WTO selects Okonjo-Iweala for DG

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NIGERIA’S nominee for the position of the Director-General of the World Trade Organisation (WTO), Ngozi Okonjo-Iweala, yesterday, emerged winner of the competitive race.

  Okonjo- Iweala polled 104 votes from 164 member countries to defeat South Korea’s Minister of Trade Minister, Yoo Myung-Hee.

  The official announcement is expected to be made later by WTO.

Okonjo-Iweala was Nigeria’s Finance Minister during the tenures of former presidents Olusegun Obasanjo and Goodluck Jonathan.

  Born to Delta State’s parents and married to Abia State husband, the globally acclaimed scholar and technocrat boast of experience working at international governance bodies as a former managing director of the World Bank and as a chairman at the Global Alliance for Vaccines and Immunisation.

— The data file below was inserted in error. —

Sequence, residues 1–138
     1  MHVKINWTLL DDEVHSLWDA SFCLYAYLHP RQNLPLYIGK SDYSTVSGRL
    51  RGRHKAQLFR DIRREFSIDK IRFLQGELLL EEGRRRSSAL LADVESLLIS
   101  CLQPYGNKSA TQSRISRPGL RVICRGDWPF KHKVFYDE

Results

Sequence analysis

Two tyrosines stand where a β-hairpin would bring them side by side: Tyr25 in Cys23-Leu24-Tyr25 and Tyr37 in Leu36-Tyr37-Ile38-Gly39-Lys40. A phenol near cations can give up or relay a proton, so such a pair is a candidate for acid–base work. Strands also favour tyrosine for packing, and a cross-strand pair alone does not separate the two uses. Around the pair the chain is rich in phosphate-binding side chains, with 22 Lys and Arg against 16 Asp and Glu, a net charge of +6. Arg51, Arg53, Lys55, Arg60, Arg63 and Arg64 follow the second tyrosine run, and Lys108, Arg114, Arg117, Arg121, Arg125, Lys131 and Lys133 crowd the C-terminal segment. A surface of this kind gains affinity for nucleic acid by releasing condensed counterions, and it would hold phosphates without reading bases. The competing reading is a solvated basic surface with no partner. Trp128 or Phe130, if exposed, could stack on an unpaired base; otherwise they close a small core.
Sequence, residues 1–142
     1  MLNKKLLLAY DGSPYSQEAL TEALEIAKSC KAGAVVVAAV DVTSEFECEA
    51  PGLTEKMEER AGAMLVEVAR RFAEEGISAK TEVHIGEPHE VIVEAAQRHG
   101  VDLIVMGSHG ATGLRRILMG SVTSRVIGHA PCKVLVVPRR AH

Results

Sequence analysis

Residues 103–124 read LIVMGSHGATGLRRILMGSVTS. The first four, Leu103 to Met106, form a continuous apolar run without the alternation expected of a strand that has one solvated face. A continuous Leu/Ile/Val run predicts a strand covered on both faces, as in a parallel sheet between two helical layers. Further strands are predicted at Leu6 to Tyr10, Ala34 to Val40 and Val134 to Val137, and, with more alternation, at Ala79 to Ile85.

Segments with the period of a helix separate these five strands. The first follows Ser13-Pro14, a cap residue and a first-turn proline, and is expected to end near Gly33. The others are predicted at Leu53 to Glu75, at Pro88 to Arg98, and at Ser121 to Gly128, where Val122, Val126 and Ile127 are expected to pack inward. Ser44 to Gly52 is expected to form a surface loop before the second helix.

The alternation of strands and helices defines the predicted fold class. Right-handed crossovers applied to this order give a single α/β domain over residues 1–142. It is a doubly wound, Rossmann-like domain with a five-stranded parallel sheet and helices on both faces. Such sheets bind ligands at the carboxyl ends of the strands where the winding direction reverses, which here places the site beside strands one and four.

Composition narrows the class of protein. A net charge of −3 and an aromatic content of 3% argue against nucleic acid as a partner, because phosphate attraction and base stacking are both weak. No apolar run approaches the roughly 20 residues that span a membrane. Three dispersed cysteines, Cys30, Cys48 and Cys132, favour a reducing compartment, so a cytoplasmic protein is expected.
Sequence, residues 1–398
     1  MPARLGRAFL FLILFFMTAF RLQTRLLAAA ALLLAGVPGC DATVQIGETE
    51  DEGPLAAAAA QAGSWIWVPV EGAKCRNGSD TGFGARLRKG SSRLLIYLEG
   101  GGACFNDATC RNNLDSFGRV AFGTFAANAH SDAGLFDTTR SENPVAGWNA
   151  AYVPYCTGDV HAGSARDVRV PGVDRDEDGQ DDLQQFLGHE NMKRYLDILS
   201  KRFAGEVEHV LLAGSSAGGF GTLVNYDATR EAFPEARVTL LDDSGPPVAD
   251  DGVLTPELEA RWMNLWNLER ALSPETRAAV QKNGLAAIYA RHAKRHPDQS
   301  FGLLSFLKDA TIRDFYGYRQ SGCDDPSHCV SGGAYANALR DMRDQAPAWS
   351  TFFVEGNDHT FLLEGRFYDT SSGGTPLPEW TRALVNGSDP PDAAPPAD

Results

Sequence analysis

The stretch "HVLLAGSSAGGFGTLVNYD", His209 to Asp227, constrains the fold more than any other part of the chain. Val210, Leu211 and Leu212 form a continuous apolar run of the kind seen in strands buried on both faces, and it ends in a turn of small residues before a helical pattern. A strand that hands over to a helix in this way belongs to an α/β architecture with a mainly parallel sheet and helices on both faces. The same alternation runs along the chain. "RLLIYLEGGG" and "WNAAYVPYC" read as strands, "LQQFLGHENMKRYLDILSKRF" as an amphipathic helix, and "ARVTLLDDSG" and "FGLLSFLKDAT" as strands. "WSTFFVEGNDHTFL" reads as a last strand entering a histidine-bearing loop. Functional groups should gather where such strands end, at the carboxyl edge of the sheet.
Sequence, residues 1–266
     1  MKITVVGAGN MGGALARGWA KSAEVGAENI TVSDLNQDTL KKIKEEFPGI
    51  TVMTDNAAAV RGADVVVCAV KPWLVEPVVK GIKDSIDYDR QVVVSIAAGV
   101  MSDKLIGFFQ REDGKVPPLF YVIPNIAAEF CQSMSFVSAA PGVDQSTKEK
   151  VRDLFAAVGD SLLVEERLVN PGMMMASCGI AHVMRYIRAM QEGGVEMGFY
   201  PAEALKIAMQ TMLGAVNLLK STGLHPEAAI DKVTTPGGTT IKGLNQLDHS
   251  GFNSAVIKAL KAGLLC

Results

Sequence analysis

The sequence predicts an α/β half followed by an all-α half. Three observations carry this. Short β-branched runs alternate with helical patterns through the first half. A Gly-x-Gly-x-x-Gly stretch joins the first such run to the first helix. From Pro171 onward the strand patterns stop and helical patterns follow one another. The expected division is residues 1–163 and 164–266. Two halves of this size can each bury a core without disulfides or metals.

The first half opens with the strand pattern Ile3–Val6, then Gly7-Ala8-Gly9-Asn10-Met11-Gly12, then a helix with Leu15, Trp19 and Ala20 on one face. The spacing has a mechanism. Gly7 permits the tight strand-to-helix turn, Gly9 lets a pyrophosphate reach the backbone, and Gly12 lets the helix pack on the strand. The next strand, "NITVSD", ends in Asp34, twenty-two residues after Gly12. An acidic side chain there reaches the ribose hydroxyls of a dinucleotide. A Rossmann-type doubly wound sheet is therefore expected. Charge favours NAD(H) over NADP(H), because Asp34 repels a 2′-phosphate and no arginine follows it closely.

READ MORE:  WTO accepts Ngozi Okonjo-Iweala's nomination for DG

  Okonjo-Iweala’s success as WTO DG makes her the first African and first female director-general of the international body in its 25-year history.

  But W.T.O’s bid to select a new leader was yesterday plunged into uncertainty after United States reportedly rejected Okonjo-Iweala’s election as the global trade watchdog’s next leader.

  Some analysts believe that United States will follow the rejection up with an exercise of its veto power.

  The development is coming just six days before U.S. election in which trade is a hot topic, Washington struck another blow at WTO, which U.S. President Donald Trump has described as “horrible and biased” towards China.

READ MORE:  WTO: Okonjo-Iweala chance brightens

  Washington has already paralysed the W.T.O’s role as global arbiter on trade by blocking appointments to its appeals panel. Now, it threatens to render it leaderless for weeks or months to come.

  The WTO itself has called a meeting for November 9, less than a week after the presidential election, by which time it hopes to have secured full backing for Okonjo-Iweala.

  The decision needs to be approved by consensus, however, meaning any of the 164 WTO members could block her appointment.

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